More than 50 years has passed since Vandalia police officer Orville Rosenstengel was shot and killed in the line of duty.
But thanks to the efforts of his decendants, his life and his positive example of a law enforcement officer will never be forgotten after the establishment of a memorial association.
On June 15, 2013, the descendents of Orville and Pearl McWhirt Rosenstengel establish the association to educate the general pubic about a positive role model like Orville and to combat the negative stereotypes of officers.
The first big project for the group is an effort to designate a section of Highway 54 running between the city limit signs of Vandalia as “Orville Rosenstengel Memorial Highway.”
Currently, relatives have more than 80 of the 100 signatures required by MoDOT. They also need to raise $2,400 by November and turn in the signatures with an application in an effort to receive the desgnation in August 2014. Two signs would then be placed along that stretch of higheway with the designation.
Donations can be made through the First National Bank of Audrain County. Community members can also stay current with association news by “liking” them on their Facebook page.
“Our goal is to eventually establish a scholarship at Van-Far for a person wanting to go into law enforcement,” said Tina Pickett.
His daughter Deloris Hogue still resides in Vandalia.
For more information, contact Tina Pickett by emailing firstname.lastname@example.org.
Biography of Orville Rosentengel by Tina Pickett
Orville Rosenstengel was a Ralls County share cropper in the 1930’s. Although he and his wife, Pearl (McWhirt) and three children (Dolores, Neal, and Warren Dale), had to move frequently, as share croppers did back then, their home was filled with love and laughter. Orville Eugene had been born to Clardy and Edna (Snider) Rosenstengel on May 26, 1911 in Perry, Mo., near Greenlawn.
Clardy’s parents were Joshua and Sarah (Howald) Rosenstengel, from St. Francois, Mo. Joshua’s parents were Adam and Rebecca (Cowhom) Rosenstengel. Adam discovered the Doe Run Lead Mines, in Francois, Mo., which were on his farm.
In addition to farming, Orville repaired tractors and various engines for neighbors and friends. He also built wagons and once built a sleigh, which came in handy one snowy, Christmas Eve night when Orville drove his family to his parents’ house for Christmas.
Once, while using a rubber hose to siphon fuel, Orville accidentally swallowed some, which made him very ill.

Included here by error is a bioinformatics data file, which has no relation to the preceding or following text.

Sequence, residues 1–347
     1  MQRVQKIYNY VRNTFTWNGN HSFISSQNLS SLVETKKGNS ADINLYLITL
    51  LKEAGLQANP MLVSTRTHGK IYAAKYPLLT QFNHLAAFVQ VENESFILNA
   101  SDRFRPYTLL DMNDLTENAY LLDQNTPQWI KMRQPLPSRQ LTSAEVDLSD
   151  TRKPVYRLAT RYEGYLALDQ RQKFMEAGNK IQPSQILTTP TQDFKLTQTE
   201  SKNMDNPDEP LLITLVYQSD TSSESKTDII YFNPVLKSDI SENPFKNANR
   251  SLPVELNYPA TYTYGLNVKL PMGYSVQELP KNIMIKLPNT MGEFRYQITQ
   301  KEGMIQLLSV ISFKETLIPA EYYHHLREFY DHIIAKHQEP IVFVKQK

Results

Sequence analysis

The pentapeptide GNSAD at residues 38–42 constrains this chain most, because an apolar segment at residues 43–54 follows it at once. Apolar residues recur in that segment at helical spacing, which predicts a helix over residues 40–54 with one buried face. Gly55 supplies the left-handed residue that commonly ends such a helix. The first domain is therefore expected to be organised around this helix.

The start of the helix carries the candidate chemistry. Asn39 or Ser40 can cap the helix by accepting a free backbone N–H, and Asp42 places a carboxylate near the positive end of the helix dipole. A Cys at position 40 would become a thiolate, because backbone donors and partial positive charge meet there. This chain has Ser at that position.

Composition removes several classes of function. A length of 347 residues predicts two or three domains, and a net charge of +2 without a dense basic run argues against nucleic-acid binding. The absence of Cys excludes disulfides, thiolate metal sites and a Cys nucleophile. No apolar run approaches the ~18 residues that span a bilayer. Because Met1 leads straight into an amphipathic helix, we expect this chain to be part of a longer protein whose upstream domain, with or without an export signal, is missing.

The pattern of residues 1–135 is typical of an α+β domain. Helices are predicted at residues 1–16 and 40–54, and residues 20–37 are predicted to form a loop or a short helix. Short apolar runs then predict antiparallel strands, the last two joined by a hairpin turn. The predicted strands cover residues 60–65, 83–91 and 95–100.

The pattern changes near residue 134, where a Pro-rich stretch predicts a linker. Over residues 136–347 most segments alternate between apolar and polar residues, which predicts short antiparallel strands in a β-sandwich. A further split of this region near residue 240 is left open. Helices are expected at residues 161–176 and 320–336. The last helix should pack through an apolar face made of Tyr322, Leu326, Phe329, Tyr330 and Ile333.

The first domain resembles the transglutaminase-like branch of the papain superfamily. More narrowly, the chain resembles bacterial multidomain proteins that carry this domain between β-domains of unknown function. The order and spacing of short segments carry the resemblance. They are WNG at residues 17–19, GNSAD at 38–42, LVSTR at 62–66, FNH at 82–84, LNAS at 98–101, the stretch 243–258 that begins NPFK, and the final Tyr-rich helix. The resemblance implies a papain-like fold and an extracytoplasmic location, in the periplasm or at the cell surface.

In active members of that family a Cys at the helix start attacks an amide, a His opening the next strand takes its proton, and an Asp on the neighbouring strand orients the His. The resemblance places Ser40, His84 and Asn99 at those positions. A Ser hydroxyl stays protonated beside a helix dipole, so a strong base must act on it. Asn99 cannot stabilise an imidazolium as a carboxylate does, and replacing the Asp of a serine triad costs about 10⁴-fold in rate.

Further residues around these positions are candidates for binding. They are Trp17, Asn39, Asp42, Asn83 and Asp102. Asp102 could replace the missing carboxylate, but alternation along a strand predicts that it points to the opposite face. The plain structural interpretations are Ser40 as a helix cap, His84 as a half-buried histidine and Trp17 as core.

He never fully recovered from this incident-the fuel created ulcers in his stomach, which he tried to treat with home remedies. Orville’s favorite remedy was a half cup of baking soda and a half cup of water, in which he would swish this around in a glass and chug it.
This home remedy did Orville more harm than good and he ended up hemorrhaging. Two-thirds of Orville’s stomach had to be removed.
Unable to farm, Orville moved his family to Vandalia, Mo. where he became the town’s police officer. On November 18, 1960, Orville got a call from a Ralls County resident who resided just yards away from the Audrain County line, just outside the Vandalia city limits–a prowler had been seen!
Regardless of the fact that Orville was off duty at the time, he decided to help this good citizen anyway.
Earlier in the day, he had taken the squad car in for repairs, so he had to drive his own car to the address given over the phone. Because of this, Orville had no radio to call for help if he needed it.
When he arrived at the residence, he apprehended the prowler, not knowing that he was a criminal by the name of William Thompson, who was wanted in lllinois.
For reasons no one will ever know, Orville ended up driving Thompson to the Vandalia Police Department in Thompson’s own car.
Upon arriving at the Vandalia Police Station, Thompson shot Orville in the chest and killed him.
Orville left behind a wife and three children, two of which were still dependents.
Orville’s family was not entitled to full death benefits because he had been off duty and had gone out of Audrain County and out of the city limits to help a Ralls County resident.
William Thompson was arrested and sentenced to 99 years in prison; he died there.
Orville Rosenstengel memorabilia can be viewed at the Vandalia Area Historical Society Museum.
His gun, badge, and several other items are on display to the public.